"Hey, Bob, I can't open the lid on a jar of pickles. Can you help?"

    Bob says, "Sure, I'll give it a try."

    "Great! The jar is at the supermarket, on the third aisle, top shelf, second from the left.  Go buy one and open the jar for me."

  8. Joshua says:

    Raymond is right here, but sadly so is alegrl.

  9. Cesar says:

    @alegr1: It could be a bug in the installer generator which copied the wrong file when building the localized installer. It could be version skew (the German version could be slightly earlier or slightly later than the "international" (that is, USA) version). And so on. He should at least provide a MD5 of the file so Raymond could check if it is really identical.

    [The header files aren't localized. The problem is that out in the product group, we don't work with the SDK that ships to the public. We generate daily builds of the header files (because we're always working on the next version of Windows, and it's not obvious which daily build became the one that shipped in the SDK. -Raymond]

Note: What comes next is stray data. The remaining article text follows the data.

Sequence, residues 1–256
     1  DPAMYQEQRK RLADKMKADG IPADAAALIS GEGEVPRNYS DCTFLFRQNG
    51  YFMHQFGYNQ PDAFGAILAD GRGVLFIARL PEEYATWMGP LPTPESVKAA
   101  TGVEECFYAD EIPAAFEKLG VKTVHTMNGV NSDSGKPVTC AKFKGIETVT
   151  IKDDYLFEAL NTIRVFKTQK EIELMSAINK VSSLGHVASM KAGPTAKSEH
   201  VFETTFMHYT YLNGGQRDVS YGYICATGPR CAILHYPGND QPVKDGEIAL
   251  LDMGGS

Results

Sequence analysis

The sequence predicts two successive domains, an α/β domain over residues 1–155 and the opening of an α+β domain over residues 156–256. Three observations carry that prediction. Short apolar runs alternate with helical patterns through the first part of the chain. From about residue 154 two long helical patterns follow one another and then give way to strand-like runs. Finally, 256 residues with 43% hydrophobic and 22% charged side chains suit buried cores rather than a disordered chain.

10. Carl D says:

    Sure, header files across locale "should" be identical, but how many times have you come across a situation when debugging a problem where two things that "should" be identical weren't?  When debugging it's always best to assume as little as possible and verify as much as possible to avoid wasting vast amounts of time looking in the wrong places because seomthing that you "knew" to be true turned out not to be.

  11. Ross Presser says:

    Raymond's thermonuclear social skills cropped up in his FIRST response as well as his second.  Leading off the question with "Can somebody please attach" was deliberate mocking of the liason's question.  If he'd written merely "Please attach", the liason would not have misunderstood, and would have responded correctly.

  12. Can somebody please attach a copy of the offending file?

    I assume your use of the word "somebody" in this question was a reference to the liaison's use of the word "somebody" in the original request; while this is quite clever it may have gone over their heads.